The town of Gourock is situated on the southwest coast of Scotland in the upper Firth of Clyde, an Inlet of the Atlantic Ocean. Near to it, at the anchorage of the Tail of the Bank, for some time the British Home Fleet was stationed during Second World War. At these times, during the year 1942, a reportedly undecomposed “sea monster” was found. The account states that it was not examined from scientists due to a lack of interest and was not photographed because of military restrictions. Therefore, it only was roughly sketched from the reporting eyewitness and former Burgh Surveyor Charles Rankin, who also kept a bristle taken from a flipper, and finally it was incremented and buried beneath the playing field of today’s local school St Ninian. Only in 1980, in an episode of a British television series dealing with unexplained phenomena, he reported about it publicly. Those descriptions led to several speculations about the true nature of the animal and especially the grade of decomposition, while in 2012 rediscovered newspaper articles of 1942 classified it as highly decayed basking shark. Correspondences, found again in 2020 at the National Museums Scotland Library, between Charles Rankin and former curator Dr A. C. Stephen of the Royal Scottish Museum in Edinburgh now reveal several more details. After valuation of all hitherto available evidence it seems, that the most plausible explanation to the eyewitness account is the option, that the report is a mix of genuine and non-genuine observation. Thus, those features not matching the given identification as basking shark can be dismissed and consequently, the identification from the Greenock Telegraph and the Gourock Times can be acknowledged again: the carcass of 1942 found at Gourock was a highly decayed basking shark (Cetorhinus maximus).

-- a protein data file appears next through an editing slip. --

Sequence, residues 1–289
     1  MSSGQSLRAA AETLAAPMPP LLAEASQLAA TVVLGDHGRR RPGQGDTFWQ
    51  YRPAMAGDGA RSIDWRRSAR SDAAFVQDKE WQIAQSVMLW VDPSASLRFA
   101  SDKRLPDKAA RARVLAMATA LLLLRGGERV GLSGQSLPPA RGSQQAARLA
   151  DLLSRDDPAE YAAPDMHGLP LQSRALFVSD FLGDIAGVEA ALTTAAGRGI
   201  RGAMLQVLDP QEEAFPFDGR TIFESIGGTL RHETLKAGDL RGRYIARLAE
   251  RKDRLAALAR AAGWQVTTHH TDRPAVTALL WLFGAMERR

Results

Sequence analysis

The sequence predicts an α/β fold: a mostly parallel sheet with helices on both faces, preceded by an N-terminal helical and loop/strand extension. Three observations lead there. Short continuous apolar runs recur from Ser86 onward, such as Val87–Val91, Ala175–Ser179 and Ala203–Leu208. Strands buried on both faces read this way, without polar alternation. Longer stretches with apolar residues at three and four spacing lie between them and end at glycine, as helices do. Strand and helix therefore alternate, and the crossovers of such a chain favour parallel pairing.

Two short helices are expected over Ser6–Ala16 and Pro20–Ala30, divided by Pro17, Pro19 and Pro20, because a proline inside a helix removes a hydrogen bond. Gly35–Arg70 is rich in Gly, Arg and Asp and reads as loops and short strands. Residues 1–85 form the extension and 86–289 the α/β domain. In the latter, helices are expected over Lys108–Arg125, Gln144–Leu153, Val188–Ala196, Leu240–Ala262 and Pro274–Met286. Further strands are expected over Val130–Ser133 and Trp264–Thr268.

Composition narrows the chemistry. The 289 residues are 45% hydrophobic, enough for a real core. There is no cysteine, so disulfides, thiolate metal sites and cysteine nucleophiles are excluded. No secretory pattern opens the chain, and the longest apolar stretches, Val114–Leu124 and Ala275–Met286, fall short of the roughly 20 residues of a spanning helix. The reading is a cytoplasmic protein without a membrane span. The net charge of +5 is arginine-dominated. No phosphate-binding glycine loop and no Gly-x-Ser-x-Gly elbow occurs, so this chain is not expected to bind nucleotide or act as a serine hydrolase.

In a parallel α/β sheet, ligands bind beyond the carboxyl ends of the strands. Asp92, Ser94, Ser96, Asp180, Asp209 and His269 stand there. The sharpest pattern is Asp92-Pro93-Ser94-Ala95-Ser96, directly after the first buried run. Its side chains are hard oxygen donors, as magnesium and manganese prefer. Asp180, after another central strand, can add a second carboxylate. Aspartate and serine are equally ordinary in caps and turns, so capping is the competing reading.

History in media and literature
The “Gourock Sea Serpent” became more widely known when in September 1980 an episode of “Arthur C. Clarke’s Mysterious World” titled “Monsters of the Deep” was aired on British Television. In this episode Mr Charles Rankin, former Burgh Surveyor and Sanitary Inspector of Goruock, was interviewed about his experience with the carcass: